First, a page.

Thirty nine police forces have released figures that 394 sex offenders whereabouts are unknown. This figure may sound alarming but what is the true context of the statistics?
When an individual is convicted of sex offences they normally automatically have to sign on the sex offender's register. This means they have to tell the police where they live and sleep.
The reason for the requirement is to monitor sex offenders and stop them reoffending.
An example is if an offender moved into a house with vulnerable people (such as children or vulneable adults). The police would be able to make enquiries at this address, find this information out and make appropriate safeguards. This may be something as simple as telling the occupant of the address of the qualifying conviction.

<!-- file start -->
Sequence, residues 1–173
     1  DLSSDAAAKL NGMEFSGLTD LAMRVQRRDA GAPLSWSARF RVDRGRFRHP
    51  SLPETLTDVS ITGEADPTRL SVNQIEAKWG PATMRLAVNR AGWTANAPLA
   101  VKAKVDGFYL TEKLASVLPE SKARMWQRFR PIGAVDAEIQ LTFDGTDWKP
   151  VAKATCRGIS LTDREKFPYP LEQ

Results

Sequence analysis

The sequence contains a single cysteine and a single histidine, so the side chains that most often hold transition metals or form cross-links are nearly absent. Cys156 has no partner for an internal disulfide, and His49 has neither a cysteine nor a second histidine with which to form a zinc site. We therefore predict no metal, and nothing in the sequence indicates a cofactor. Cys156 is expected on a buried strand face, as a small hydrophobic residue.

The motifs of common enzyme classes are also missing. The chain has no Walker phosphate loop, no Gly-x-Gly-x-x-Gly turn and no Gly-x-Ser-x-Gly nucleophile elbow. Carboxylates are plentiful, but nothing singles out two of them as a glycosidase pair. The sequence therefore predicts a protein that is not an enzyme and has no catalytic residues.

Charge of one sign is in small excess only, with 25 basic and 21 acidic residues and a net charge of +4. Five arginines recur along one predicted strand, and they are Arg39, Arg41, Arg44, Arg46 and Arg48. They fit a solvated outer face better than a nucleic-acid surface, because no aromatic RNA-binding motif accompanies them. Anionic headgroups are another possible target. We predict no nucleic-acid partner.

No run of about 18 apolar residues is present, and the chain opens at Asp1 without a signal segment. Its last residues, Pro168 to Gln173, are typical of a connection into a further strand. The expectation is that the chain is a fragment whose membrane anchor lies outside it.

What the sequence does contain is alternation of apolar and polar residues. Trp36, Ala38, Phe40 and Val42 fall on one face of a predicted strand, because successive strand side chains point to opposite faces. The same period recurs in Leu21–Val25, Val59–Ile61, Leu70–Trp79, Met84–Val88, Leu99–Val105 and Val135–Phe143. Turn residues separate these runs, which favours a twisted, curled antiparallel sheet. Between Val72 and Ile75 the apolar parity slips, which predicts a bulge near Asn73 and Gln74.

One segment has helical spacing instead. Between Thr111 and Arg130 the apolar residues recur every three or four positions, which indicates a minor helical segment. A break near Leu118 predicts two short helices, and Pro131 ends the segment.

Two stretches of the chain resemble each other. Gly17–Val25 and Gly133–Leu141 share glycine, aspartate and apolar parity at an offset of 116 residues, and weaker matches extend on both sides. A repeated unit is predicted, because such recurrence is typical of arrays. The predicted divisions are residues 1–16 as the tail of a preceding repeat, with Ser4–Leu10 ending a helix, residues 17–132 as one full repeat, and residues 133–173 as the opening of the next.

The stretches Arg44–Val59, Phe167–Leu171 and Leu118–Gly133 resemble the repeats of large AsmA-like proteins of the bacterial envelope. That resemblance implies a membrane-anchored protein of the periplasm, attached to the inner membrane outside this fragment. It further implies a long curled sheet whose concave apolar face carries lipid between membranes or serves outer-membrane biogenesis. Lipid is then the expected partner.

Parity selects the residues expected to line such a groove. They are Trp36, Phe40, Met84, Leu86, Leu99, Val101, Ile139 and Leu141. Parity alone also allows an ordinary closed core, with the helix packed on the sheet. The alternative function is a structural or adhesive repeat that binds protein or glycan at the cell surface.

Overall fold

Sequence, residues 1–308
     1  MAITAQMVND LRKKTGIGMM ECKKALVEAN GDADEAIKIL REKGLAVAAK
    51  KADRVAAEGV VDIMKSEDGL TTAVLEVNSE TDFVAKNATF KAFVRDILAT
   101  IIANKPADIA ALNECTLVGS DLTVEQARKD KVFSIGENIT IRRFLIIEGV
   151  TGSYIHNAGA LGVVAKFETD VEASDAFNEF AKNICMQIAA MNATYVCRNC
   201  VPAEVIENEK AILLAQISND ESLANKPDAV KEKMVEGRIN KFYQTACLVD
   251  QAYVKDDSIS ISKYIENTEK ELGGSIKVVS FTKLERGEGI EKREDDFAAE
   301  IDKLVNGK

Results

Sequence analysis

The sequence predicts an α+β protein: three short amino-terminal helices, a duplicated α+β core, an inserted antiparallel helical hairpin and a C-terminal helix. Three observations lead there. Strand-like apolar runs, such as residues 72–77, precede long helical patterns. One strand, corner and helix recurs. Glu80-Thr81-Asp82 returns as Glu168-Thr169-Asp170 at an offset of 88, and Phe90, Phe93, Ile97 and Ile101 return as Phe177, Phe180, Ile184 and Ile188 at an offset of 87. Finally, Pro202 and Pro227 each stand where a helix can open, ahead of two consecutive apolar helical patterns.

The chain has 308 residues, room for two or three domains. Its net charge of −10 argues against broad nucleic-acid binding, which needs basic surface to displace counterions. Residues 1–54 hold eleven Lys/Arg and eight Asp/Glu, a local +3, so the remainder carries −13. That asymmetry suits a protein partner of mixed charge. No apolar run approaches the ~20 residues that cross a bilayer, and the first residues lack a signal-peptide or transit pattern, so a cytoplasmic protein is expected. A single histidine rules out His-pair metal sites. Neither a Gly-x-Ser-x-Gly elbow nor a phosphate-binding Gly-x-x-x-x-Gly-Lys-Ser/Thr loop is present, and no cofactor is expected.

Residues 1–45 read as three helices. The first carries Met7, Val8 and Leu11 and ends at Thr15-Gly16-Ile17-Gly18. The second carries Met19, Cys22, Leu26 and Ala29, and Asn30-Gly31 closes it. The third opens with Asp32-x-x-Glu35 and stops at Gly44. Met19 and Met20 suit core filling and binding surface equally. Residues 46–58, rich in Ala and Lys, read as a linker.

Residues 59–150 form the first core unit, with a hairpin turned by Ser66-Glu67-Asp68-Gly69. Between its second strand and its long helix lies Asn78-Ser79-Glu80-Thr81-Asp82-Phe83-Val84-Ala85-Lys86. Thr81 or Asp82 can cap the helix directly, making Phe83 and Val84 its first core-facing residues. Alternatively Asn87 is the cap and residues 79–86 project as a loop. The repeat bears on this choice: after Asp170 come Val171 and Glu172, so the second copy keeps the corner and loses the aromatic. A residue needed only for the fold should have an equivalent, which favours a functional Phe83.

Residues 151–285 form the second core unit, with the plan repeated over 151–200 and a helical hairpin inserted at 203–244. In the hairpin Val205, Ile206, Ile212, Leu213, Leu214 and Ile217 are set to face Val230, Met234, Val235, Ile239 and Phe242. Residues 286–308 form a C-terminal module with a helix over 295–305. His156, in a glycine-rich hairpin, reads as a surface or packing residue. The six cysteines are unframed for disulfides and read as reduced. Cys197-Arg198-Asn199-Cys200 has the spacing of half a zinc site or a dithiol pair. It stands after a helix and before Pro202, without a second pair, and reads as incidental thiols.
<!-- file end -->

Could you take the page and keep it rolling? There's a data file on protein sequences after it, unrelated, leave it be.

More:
A natural reaction to these figures is shock and concern. After all these offenders may well be dangerous individuals.
These feelings need to be balanced against the the fact that the percentage of offenders whose whereabouts are unknown must is very small. According to Ministry of Justice figures there are 43,644 persons on the register equating to roughly less than 1% being unaccounated for.
My own professional experience is that many breaches are technical. They involve individuals that are disorganised and lead chaotic lives. Others I suspect just want to lead a normal life without the embarrassment of restrictions placed on them through notification.
My final thought is that the long arm of the law is never far away from tapping offenders on the shoulder. These individuals should do the decent thing and hand themselves in. This factor could help keep any sentence to minimum.